SCIENCE

Watch These Medical Drones Deliver Blood Samples

In theory, medical drones are awesome. In practice, it isn't easy to transport blood without ruining it en route

SCIENCE
Test show that drone transport is the funnest way to transport blood. — Keith Weller
Jul 29, 2015 at 1:56 PM ET

Your blood can now be safely flown back and forth from the lab in medical drones, according to a new study published in PLoS. Through a series of 40-minute test flights in a fixed-wing drone, researchers demonstrated that fragile blood samples remained safe—despite bumpy, unpredictable takeoffs and landings.

“Biological samples can be very sensitive and fragile,” said Timothy Amukele, a pathologist at Johns Hopkins University School of Medicine and coauthor on the study, in a prepared statement. “Such movements could have destroyed blood cells or prompted blood to coagulate, and I thought all kinds of blood tests might be affected, but our study shows they weren’t.”

Medical drones are nothing new. In mid-July, the first FAA-approved medical drone dropped off medicine in rural Virginia. Scientists have designed drones that could deliver emergency cardiac care to heart attack victims in remote areas, and tiny rotorcraft that could drop supplies in disaster relief missions.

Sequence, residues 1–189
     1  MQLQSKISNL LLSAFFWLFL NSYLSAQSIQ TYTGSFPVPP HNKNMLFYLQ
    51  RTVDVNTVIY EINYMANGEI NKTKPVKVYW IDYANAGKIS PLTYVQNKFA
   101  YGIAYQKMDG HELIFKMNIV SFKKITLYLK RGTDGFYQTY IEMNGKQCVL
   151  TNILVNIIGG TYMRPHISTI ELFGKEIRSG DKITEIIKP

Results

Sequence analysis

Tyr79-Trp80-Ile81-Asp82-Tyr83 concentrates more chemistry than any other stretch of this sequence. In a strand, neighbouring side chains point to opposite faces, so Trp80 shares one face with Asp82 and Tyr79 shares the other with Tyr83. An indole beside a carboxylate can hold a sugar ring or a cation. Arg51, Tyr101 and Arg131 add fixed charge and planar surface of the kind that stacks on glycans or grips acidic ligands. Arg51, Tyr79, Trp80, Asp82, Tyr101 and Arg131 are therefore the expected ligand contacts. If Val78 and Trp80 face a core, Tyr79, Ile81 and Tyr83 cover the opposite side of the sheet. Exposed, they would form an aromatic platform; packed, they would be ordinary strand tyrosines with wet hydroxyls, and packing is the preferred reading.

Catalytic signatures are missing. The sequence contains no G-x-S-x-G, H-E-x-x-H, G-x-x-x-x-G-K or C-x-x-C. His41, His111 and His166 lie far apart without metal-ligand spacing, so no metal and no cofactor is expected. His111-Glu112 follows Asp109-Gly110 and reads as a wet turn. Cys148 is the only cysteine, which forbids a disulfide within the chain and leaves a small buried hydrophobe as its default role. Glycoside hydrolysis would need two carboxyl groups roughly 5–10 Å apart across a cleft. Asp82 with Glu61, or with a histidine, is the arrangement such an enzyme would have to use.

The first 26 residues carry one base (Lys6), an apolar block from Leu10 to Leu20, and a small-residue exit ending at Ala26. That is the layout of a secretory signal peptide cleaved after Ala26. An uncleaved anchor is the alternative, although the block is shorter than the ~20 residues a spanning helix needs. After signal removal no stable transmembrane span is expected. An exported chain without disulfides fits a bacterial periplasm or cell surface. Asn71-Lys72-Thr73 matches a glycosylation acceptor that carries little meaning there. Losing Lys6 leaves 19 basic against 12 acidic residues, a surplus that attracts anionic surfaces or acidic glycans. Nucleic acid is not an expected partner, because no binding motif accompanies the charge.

Until now, one of the most pressing problems facing the nascent medical drone industry was whether or not human tissue—blood donations, lab tests, donated organs—could survive bumpy rides in a tiny, unmanned aircraft. For the study, scientists ran lab tests on two sets of blood samples. Despite the fact that some samples had been flown in a drone and others had been transported by car, both sets remained intact and yielded the same laboratory results.

The results of these preliminary flight tests are promising—especially for the millions of people who live in rural or underserved areas. With rapid drone delivery, diagnostic laboratory test results could be in the hands of healthcare workers in record time. “A drone could go 100 kilometers in 40 minutes,” Amukele said in a prepared statement. “They’re less expensive than motorcycles and are not subject to traffic delays.”

But they do crash. A lot: